Fifteen years ago, the pundits were picking the 205 GTi would become a classic car. It is still too early to know the outcome, but mint, low-mileage examples in Britain are already attracting price tags equivalent to $30K, whereas, in the late ’90s, you could pick up a tidy used example for $6K. Merely finding a 205 GTi on offer in New Zealand is difficult enough. At the time this article was researched, only one was for sale. Local prices are determined by simply as much as someone wishes to pay.
Do not expect Germanic-like build quality when searching out a 205 GTi, and bear in mind that any example will be more than 20 years old. Paintwork is likely to be mediocre, and the finish inside the front guards will probably be scrappy. Worn synchromesh on third and fourth gears is common, but don’t worry about a whine in the gearbox as long as the change is good. Beware of camshaft wear, brake shudder, and dodgy head gaskets. Check for blue smoke on start-up and overrun, which could denote worn valve stems, but this isn’t a major problem. If possible, avoid sunroof examples, since this option sometimes didn’t fit well and leaked.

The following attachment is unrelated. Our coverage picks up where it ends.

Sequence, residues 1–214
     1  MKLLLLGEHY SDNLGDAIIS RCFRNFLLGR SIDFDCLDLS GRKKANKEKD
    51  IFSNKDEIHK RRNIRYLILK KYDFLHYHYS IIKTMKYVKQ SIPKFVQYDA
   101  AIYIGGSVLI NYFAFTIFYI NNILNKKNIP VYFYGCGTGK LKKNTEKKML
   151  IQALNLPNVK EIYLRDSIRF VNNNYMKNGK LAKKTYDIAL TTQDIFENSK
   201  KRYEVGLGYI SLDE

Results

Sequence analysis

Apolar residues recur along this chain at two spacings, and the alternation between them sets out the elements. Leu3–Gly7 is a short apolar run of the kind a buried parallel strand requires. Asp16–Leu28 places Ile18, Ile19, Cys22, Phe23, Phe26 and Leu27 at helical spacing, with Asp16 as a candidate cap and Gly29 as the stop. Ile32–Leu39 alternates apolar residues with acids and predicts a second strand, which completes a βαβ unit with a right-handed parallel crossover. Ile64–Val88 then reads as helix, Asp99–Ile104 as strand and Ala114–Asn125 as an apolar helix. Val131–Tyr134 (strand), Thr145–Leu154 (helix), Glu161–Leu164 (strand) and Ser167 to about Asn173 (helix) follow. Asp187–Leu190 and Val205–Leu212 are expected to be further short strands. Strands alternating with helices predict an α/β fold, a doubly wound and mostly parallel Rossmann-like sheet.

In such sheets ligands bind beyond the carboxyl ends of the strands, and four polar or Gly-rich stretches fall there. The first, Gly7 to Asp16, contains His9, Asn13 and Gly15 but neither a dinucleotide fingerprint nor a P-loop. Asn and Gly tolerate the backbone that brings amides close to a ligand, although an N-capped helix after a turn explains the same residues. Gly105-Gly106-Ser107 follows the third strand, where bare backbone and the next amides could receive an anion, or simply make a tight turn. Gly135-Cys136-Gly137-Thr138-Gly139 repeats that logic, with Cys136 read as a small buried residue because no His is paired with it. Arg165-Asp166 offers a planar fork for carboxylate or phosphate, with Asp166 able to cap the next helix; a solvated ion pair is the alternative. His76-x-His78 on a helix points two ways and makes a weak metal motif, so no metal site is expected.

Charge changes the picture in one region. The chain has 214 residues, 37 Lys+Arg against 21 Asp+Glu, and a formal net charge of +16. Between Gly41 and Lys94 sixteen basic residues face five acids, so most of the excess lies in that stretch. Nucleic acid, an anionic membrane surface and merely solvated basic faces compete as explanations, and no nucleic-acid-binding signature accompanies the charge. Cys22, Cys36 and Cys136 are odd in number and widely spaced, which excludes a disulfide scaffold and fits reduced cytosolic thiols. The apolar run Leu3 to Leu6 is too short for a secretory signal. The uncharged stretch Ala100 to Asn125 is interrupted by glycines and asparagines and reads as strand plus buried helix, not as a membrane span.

At idle, these engines always sounded as though they had rattling tappets, so this shouldn’t be a worry. The engines have alloy pistons, forged steel conrods, and wet cylinder sleeves. Probably the main concern, at least in our country, will be finding one in reasonable shape because of their sheer scarcity, since owners tend to be enthusiastic and keep their cars.
Noted Australian journalist Peter Robinson wrote in 1989 that the high initial price and low-volume sales would be enough to ensure the car became the Mini Cooper S of the day. As in New Zealand, the model was rare in Australia, although common in Europe, and was craved by many who couldn’t afford the initial purchase price. Regardless of its many other qualities, this alone would keep used values high and guarantee the GTi would be a rewarding investment by 1998, Robinson said.
Demands for increasing safety and equipment mean the 205 GTi would never be a production reality today, but this, of course, applies to any older car. However, critics wonder why Peugeot has never been able to replicate the magic of this car in its current models.
Today’s equivalent Peugeot 208 GTi weighs close to 1300kg compared with the mere 890kg of the 1.6 205 GTi. What you see here is a special driver’s car that in its day was top of the class for its handling, brakes, and acceleration; a no-compromise performance hatchback that is worth preserving. In a nutshell, this was not only the prettiest sports hatchback of the ’80s but also the best.